Originally Posted by EnzyteBob
i got a really good deal on a set of rims recently because they had two valve stem holes per rim (factory defect). when i was getting tires put on last weekend:
guy at the shop: yo man you know these have 2 valve stem holes on each rim?!
guy: is there like, a reason for that? like weight or aerodynamics or something? just curious man i ain't seen nothing like this before! it's crazy!
me, losing my patience: brah, you just don't understand! these are racing rims, brah!
i took off before he could further damage my IQ with more of his questions. because clearly two valve stems takes off 30 pounds of weight and streamlines the air flow over the entire car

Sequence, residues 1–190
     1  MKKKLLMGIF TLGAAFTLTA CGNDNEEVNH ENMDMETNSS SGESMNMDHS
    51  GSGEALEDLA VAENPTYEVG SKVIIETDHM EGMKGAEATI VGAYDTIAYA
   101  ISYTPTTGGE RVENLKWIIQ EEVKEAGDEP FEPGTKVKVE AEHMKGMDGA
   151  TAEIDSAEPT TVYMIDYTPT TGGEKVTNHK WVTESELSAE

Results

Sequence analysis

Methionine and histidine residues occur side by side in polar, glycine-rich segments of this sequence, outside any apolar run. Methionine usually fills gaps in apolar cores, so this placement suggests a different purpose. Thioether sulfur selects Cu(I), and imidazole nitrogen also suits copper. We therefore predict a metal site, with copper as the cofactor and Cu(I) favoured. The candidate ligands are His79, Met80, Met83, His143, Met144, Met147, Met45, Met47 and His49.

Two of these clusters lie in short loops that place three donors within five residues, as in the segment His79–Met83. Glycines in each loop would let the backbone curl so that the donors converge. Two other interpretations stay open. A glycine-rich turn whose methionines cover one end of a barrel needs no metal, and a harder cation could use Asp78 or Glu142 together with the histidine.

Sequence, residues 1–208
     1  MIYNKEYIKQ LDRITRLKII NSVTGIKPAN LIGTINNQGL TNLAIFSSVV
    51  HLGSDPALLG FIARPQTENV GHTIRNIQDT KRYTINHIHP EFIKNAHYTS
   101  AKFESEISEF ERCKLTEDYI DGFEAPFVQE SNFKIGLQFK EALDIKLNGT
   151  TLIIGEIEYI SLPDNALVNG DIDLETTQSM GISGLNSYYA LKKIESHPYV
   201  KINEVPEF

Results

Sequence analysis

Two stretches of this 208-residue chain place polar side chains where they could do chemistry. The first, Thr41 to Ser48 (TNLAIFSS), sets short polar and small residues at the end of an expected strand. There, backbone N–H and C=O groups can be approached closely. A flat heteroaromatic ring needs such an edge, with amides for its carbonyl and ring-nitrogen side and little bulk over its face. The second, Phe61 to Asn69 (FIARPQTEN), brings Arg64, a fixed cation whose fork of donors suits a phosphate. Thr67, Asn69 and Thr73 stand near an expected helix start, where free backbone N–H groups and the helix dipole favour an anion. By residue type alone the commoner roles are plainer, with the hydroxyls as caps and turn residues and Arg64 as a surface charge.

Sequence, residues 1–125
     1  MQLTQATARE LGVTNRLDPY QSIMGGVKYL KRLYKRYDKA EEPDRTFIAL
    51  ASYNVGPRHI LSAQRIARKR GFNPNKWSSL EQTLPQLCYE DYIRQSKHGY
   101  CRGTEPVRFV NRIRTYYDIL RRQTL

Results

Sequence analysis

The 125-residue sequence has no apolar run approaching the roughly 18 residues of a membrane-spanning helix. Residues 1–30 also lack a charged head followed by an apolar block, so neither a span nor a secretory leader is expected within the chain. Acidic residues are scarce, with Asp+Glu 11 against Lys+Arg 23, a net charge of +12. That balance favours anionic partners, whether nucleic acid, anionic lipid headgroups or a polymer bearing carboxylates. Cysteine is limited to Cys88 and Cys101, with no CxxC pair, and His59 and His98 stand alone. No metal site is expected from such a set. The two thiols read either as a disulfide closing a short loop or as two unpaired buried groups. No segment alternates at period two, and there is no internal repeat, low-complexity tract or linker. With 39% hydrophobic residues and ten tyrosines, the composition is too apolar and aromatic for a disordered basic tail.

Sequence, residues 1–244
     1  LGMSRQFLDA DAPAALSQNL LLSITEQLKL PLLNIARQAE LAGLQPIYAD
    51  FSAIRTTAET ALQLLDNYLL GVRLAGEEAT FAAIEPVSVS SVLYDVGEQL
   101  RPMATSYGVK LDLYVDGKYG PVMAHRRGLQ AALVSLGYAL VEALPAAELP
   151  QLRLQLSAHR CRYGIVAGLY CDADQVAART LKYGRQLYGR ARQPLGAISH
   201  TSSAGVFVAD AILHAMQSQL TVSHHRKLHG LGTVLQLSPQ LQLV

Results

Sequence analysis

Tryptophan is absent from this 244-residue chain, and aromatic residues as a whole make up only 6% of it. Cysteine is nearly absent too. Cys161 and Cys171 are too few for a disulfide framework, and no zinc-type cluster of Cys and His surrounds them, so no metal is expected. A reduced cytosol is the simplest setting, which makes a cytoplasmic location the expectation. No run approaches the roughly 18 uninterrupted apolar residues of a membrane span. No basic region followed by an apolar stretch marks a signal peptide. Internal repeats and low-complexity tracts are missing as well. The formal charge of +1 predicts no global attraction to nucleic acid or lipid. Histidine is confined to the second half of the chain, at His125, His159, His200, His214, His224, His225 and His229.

Our Kosei K1 TS
has two valve stems and many customers ask why. They are located 180 degrees from each other. In racing, many teams use nitrogen
. Nitrogen has larger molecules than ambient air and is less likely to "seep" through the pores in all tires.
It also is less sensitive to temperature so the psi stays more even as the tire heats and cools with track use.
The two valve stems help in exchanging ambient air for Nitrogen. One stem is used to bleed off the ambient air while nitrogen is put in the opposite stem.
It's a popular look in Japan and was requested by many of Kosei's customers.